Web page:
I think the #metoo movement is making me saltier.

Josh is trying to tell Joey what Theodore Roosevelt said about English as the official language and Joey doesn’t give a fuck. Mandy, in the foreground, also couldn’t give a fuck, and wants to know why they can’t shut up. Josh calls her tightly wound – as if this poll is unimportant and not a huge part of her job 8 – and then CJ walks in and asks what they’re doing here and Josh implies that she’s high-strung as well 8. This is a man who was just screaming about Teddy Roosevelt, btw. CJ accuses Josh of only being there to flirt with the female callers so I’m going to be generous and give that a -2. Josh leaves, volunteering to get coffee, but not without another dig at everyone’s high-strung-ness 8, and also tells Joey she should be impressed with him for being able to quote Teddy Roosevelt 6. (Not that he got the adulation. But he expected it.)

Laurie and her BFF are walking down the street giggling. Sam is waiting on the doorstep, and it turns out the BFF arranged for them to meet here. Laurie drunks her way through questions about the gift he bought her, which it turns out is both a space pen and a briefcase, the latter being the standard law-school-graduation gift. And an important one. Laurie is drunk-happy. And then someone from across the street takes a few pictures and peels out, and both Sam and Laurie recognize that this is A Problem.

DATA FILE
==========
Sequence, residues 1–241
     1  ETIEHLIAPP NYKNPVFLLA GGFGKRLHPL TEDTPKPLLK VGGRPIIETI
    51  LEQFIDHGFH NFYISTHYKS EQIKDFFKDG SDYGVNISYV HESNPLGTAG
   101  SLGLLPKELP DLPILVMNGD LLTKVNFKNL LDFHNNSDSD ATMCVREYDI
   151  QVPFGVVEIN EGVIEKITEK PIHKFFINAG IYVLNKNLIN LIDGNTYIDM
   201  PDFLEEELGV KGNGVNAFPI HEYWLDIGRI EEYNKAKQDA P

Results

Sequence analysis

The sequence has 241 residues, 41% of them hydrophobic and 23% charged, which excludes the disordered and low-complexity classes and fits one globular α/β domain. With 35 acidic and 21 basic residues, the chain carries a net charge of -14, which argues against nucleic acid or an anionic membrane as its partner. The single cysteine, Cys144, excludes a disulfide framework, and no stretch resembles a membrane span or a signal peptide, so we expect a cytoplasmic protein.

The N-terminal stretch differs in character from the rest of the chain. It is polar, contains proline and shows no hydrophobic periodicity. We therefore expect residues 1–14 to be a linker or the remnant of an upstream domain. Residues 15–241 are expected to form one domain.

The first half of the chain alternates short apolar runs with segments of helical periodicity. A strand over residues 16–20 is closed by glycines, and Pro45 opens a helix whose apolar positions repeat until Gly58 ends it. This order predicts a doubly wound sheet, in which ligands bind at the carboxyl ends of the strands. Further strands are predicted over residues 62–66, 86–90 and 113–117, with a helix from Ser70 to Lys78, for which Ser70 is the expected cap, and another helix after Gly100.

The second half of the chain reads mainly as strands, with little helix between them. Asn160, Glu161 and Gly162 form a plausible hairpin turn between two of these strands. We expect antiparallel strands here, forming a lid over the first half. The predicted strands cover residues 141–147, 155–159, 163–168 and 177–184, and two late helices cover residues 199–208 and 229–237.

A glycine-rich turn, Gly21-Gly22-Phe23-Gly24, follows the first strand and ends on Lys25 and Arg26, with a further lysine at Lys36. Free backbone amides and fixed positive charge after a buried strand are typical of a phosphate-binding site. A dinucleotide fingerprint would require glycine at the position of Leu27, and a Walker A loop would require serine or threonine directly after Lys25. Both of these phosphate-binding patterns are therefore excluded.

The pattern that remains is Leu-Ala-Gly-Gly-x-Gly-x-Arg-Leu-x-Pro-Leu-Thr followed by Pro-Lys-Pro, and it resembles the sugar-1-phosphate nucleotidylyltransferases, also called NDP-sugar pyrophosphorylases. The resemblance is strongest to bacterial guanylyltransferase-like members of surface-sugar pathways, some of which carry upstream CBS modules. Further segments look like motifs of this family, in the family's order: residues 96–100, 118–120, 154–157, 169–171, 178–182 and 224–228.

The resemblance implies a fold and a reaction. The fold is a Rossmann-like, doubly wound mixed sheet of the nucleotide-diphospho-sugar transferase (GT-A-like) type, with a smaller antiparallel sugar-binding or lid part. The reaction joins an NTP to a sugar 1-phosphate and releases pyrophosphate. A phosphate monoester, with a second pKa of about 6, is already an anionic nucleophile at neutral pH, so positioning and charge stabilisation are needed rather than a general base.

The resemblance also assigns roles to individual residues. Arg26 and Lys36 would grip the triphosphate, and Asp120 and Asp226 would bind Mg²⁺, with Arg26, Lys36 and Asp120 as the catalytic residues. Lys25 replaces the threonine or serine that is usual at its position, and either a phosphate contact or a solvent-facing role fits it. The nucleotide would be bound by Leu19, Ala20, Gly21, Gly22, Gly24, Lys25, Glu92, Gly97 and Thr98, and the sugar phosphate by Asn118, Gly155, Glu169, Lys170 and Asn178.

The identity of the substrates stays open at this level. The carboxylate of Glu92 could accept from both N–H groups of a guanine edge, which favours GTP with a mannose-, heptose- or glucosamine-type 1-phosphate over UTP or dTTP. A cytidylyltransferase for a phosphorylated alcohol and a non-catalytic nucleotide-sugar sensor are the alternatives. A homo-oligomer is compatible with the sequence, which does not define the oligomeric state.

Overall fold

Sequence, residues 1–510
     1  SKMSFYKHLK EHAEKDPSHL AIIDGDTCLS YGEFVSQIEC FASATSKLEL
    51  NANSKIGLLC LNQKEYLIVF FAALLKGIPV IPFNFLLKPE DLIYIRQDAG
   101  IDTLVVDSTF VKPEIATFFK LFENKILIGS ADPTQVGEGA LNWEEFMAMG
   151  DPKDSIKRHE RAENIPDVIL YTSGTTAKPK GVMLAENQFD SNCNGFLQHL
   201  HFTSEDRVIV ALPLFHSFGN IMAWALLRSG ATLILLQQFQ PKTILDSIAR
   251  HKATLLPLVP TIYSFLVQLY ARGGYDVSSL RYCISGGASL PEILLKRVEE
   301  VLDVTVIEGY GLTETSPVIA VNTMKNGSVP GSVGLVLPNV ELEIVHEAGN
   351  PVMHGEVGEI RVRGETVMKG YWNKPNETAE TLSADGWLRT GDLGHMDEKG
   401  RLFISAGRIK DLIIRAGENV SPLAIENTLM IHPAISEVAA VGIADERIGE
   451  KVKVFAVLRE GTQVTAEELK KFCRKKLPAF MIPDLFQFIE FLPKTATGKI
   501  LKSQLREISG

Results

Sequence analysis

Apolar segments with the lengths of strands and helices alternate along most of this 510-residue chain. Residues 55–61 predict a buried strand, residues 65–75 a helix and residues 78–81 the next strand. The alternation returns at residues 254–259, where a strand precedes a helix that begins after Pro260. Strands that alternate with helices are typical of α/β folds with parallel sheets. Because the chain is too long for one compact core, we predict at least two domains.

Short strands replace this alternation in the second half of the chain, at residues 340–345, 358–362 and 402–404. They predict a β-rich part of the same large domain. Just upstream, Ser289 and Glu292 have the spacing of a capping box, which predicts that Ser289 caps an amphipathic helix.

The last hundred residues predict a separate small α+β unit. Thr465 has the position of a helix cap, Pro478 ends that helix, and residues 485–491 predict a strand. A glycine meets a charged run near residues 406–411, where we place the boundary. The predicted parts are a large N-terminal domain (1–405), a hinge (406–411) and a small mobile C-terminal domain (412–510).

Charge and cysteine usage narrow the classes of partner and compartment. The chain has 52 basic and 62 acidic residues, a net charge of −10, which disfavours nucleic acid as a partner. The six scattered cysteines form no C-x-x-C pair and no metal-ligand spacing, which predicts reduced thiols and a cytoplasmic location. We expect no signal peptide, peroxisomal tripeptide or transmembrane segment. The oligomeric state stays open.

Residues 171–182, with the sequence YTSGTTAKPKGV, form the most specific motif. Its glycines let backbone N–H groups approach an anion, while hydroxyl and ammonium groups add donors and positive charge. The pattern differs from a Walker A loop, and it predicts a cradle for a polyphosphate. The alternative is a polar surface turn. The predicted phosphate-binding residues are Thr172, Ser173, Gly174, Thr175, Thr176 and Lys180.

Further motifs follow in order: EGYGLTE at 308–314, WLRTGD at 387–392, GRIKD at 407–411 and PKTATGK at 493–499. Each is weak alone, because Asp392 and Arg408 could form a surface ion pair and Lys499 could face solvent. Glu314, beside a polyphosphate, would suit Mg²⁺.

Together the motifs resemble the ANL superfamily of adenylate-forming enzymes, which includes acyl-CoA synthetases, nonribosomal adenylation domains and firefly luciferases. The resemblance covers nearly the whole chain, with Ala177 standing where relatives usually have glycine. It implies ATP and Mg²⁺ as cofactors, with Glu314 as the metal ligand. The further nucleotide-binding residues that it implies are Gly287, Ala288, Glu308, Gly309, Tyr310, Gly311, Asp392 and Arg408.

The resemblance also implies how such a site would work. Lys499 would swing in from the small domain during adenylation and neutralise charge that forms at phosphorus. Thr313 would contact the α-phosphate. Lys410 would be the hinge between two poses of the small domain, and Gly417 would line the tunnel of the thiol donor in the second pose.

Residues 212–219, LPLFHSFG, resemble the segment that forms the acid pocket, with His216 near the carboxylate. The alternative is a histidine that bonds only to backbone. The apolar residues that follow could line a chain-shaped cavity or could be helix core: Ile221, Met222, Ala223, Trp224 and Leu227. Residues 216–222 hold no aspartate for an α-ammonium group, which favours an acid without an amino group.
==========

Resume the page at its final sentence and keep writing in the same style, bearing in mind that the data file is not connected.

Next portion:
It’s Wednesday morning, 36 hours into polling. Sam is looking pensive. Toby comes by and they start pedeconferencing. Sam has his letter of resignation ready to go, but Toby doesn’t want him to use it because it would deprive Toby of the pleasure of throwing Sam out a plate glass window. Leo breaks through and says he’s talking to CJ and then he’s talking to Sam. I don’t think it will be a good conversation. Toby continues to list the ways in which he will control Sam – putting him on a leash, chaining him to his desk. Sounds like a fun weekend, Toby. We understand that all of this means that Sam is 100% not getting fired.

CJ is on the phone saying important things about the stock market when Leo slams in and yells at her for not telling him about Sam and the photos sooner. 5. CJ calmly points out that she’s not going to call the Chief of Staff at two am because a car started; she had to do her actual job and find out what was going on first. Which she has, and the London Daily something-or-other is publishing the photo; American press will have it in the morning. Because it’s still the year 2000 and even though the internet exists, pictures of senior advisors and their escort friends take slightly longer than the speed of light to make it around the world. Leo laments that Sam was just giving his friend a graduation gift.